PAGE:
Singer follows Jung’s lead into alchemy, recognizing it as a science of human transformation, with much to say about androgyny. The Taoist I Ching, which employs an alchemical metaphor throughout, emphasizes the need for the conscious person to follow the path of “reverse alchemy” to regain their original essence. Acquired conditioning, beginning at birth, separates us from our original nature and wholeness, and the conditioning acquired from any culture is always full of intensive gender role programming. Aristophane’s myth goes further and suggests that human incarnation, incarnating into a gender specific body, is itself a departure from wholeness. Recent research demonstrates that a good part of gender differences which were believed to be culturally conditioned, turn out to have very strong biological underpinnings.  Regaining androgyny, therefore, may be more difficult than even the heroic efforts necessary to break free of acquired conditioning. Some gender limitations may be over-determined, with part of their determinative influence locked down even into our DNA. To become androgynous may be analogous to trying to break the source code of the matrix, which is multi-layered, including both social and genetic coding.

The alchemists, and consciousness pioneers like Jung and Gurdjieff, understood that their work was “contra naturum, it was against the enormous inertial mass of nature or matrix (“matrix” actually means mother). Gurdjieff even said that the work to not be mechanical was “against God.” At first glance it would seem that such an effort would be the supreme violation of the Taoist principle of working with, rather than against, cosmic forces. But as I’ve written elsewhere (see Dynamic Paradoxicalism…) it is our “True Will” (a phrase I am borrowing from Aleister Crowley) that is our deepest inner refraction of the Tao and the aspect of the Tao to be followed above all others. True Will is the inner core of our harmony with the cosmos, and this will is to be followed no matter what resistance is met with socially, politically, and even biologically.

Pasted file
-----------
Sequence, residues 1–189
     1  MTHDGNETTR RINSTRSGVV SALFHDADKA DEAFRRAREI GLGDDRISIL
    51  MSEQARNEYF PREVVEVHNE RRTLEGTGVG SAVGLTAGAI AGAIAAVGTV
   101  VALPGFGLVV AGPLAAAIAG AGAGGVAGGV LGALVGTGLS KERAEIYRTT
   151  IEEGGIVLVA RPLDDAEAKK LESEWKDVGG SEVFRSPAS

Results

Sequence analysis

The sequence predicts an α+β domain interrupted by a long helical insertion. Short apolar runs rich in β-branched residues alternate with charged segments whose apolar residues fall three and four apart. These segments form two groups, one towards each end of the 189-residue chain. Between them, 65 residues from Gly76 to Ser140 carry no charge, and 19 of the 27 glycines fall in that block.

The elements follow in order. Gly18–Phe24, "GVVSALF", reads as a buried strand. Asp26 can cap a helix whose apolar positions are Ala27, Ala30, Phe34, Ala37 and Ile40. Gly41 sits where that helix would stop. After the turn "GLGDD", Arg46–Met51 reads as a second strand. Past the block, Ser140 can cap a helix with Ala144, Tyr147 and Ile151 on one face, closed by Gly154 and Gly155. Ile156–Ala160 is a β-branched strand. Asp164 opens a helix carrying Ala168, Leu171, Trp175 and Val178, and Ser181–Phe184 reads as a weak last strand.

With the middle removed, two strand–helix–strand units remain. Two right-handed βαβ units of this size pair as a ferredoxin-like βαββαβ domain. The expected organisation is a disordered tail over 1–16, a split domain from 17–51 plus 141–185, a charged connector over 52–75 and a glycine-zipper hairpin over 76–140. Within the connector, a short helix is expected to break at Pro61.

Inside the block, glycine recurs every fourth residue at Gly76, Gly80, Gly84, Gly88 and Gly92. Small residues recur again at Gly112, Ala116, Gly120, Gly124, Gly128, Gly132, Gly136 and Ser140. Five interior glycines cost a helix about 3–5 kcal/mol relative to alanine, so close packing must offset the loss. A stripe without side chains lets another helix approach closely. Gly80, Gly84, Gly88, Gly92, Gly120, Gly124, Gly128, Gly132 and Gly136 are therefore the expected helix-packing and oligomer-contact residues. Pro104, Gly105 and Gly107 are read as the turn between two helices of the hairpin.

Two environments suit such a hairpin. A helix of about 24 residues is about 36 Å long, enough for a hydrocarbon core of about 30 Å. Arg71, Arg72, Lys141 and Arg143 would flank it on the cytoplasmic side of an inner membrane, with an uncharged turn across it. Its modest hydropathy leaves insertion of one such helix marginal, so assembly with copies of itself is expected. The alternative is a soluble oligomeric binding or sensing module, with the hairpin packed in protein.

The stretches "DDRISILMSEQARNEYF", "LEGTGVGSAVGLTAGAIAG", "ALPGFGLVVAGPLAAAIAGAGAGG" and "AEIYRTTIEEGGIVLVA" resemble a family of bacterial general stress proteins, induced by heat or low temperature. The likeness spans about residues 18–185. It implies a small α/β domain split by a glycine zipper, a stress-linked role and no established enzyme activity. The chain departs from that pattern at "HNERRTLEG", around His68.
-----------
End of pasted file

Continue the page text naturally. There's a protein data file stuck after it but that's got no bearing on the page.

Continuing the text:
The alchemists seemed to know what was at stake, and how deep into the rabbit hole they really had to go to regain their freedom and original wholeness. To break free of the matrix they first had to break down existing structures, to regain the “prima materia” out of which structures are created. Mixing alchemical and computer metaphors, this would be a cauldron of zeros and ones, undifferentiated potential for informational or psychic structure. Psychologically/spiritually this requires the dark night of the soul which some, in both tribal and modern contexts, seek to bring on with the use of ordeal poisons and/or hallucinogens.


A triptych entitled The Journey of the Wounded Healer in Alex Grey’s visionary book, Sacred Mirrors, illustrates this process. We see a healer or potential shaman ascending a mountain. At one point he seems to be blown apart into a horrifically surreal explosion of body parts. This is a brilliant visual representation of the dark night of the soul (what the alchemists called the nigredo”), the death of an ego identity, the necessary destruction of structure to create new form. Some initiates voluntarily chose to bring this on by self-created initiations—–fasting and wilderness isolation, hallucinogens, etc. There are advantages to the self-initiated metamorphosis in that it is consciously chosen, but there are also grave dangers.

A few years ago a very enthusiastic young woman told me how she was involved in a new education program for kids that would involve “tribal initiations in the wilderness.” Although not wishing to deflate her enthusiasm, I felt forced to tell her that actually she was talking about arts and crafts in the woods, that tribal initiations were impossible for any legally constituted school in our society because you would have to be willing to have some initiates die or go insane.

Self-initiations must be dangerous. If the self-initiate is fortunate, the danger proves lethal to ego structures but allows other healthy tissue to survive and reconfigure. But many self-initiations, just as those induced by the tribal collective, are shattering to the body and/or sanity of the initiate. There is always the danger that the self-initiate has presumed upon their inner strength, and like the naïve, young hero ends up devoured.